British heritage brand Belstaff has launched its new community-first retail concept with the reopening of its Spitalfields store in east London this week.
The 785 sq ft store on Lamb Street is the first in the brand’s worldwide redesign roll-out. Belstaff’s three other UK stores, and its German shops, will be redeveloped before the end of the year.
“We wanted to not only embrace this area but embrace the brand and show it in its most natural way,” creative director Sean Lehnhardt-Moore told Drapers. “Everything that we’ve put together is about exploring the brand a bit more through the depth and assortment of product, and the way that menswear and womenswear is zoned and laid out reflects how our customer in this area shops.”
Inspired by Belstaff’s roots in the industrial north of England, the Spitalfields store’s exposed brickwork walls are lined by British-made utilitarian display units.
The underlying sense of skilled labour and the history of Belstaff as a workwear manufacturer was something Lehnhardt-Moore wanted to incorporate in the store’s design.
“Finding craftspeople in the north of England where Belstaff heralds from was really important, and I wanted to work with great British makers,” he said. “With all of the units, the inspiration was from old lathes and tool boxes, and we sourced the wood cabinets and other furniture from Britain.”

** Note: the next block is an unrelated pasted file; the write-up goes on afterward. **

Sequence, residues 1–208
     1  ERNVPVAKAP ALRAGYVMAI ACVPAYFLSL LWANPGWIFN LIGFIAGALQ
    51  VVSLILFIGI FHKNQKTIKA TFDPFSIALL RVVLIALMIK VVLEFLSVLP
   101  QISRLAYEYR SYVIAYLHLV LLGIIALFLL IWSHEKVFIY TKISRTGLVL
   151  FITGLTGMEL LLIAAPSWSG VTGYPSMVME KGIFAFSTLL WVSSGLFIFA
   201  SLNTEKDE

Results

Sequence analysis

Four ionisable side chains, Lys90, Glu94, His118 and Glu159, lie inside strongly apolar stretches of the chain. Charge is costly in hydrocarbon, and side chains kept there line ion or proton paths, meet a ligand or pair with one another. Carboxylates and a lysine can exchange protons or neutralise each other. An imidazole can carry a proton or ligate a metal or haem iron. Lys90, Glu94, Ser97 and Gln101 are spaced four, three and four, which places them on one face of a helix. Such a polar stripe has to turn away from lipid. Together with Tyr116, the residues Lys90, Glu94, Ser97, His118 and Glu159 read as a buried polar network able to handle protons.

Also central to the new concept is its community focus. In Spitalfields, customers can enjoy a Belstaff coffee, or a gin and tonic, at the high bar in the store’s window, and Lehnhardt-Moore is keen for people to see the shop as a part of their routine rather than just a place to buy clothes.
He said: “When we do other stores, we want to feed off where we are and listen to the customer and become an important part of the community.”
Lehnhardt-Moore joined the brand in June and autumn 19 will be his first collection. The focus will be to reinterpret some key heritage pieces and bring some of the menswear styles over to the womenswear offering: “For my first collection the alignment of men and women will be really important. What I heard from hardcore female customers was that they liked what we do in menswear, and they asked why we weren’t doing that with womenswear.”
He adds: “It’s not as if the brand is broken. We just want to fine tune it and rev it up a bit so that everybody knows about it.”